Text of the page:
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Living Architecture: How Synthetic Biology Can Remake Our Cities and Reshape Our Lives (Kindle Single) (TED Books)
 
 

Living Architecture: How Synthetic Biology Can Remake Our Cities and Reshape Our Lives (Kindle Single) (TED Books) [Kindle Edition]

Rachel Armstrong

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Product Description

Product Description

What will the city of the future look like? More like an ever-changing and vibrant garden than a static set of buildings and blocks. In 'Living Architecture,' British scientist and architect Rachel Armstrong re-imagines the world’s extensive urban areas and argues that in order to achieve sustainable development of the built environment — and help countries like Japan recover from natural disasters — we need to start thinking differently. Armstrong sets the scene for considering different ways of making structures and materials, suggesting that we can ‘grow’ more ecologically compatible buildings by using life-like technologies, such as protocells. The result is a new kind of architectural practice where cities behave more like an evolving ecosystem than lifeless machines.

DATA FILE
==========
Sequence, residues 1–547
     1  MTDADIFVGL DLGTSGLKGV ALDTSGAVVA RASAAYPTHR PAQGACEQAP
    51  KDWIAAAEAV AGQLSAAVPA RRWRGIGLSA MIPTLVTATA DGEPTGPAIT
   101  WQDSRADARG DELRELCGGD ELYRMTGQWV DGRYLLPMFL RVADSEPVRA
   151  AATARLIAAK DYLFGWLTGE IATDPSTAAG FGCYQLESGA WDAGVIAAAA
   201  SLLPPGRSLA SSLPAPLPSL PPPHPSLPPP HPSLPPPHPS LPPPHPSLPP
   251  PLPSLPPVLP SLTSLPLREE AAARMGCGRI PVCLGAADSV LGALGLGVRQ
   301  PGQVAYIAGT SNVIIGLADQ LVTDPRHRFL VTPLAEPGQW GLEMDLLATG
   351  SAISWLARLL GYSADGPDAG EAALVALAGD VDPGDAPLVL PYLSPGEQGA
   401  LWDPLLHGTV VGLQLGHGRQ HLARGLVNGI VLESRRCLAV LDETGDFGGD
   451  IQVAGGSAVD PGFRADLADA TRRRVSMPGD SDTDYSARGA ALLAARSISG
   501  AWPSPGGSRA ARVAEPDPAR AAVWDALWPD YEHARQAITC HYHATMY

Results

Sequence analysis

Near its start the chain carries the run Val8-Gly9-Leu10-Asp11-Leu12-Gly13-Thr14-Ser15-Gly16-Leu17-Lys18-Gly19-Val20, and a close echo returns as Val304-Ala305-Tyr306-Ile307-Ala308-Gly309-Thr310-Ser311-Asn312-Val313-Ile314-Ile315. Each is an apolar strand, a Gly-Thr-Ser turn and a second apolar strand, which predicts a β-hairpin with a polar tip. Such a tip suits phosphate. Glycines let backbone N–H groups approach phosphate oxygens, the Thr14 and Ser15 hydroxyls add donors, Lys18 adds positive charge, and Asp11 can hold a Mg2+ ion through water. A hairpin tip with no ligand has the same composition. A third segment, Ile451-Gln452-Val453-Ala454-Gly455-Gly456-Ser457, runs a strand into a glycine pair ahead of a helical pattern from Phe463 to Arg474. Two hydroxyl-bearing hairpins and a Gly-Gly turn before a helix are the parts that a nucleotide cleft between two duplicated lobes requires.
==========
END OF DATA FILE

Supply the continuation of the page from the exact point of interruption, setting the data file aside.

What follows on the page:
Product details

  • Format: Kindle Edition
  • File Size: 297 KB
  • Print Length: 51 pages
  • Sold by: Amazon Media EU S. r.l.
  • Language: English
  • ASIN: B0076QQJMY
  • Text-to-Speech: Enabled
  • X-Ray:
  • Amazon Bestsellers Rank: #169,042 Paid in Kindle Store (See Top 100 Paid in Kindle Store)
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Amazon.com: 3.9 out of 5 stars  12 reviews
7 of 7 people found the following review helpful
4.0 out of 5 stars What if? A vision to reclaim and reshape the way we design and build 12 Feb 2012
By Rett01 - Published on Amazon.com
Format:Kindle Edition|Verified Purchase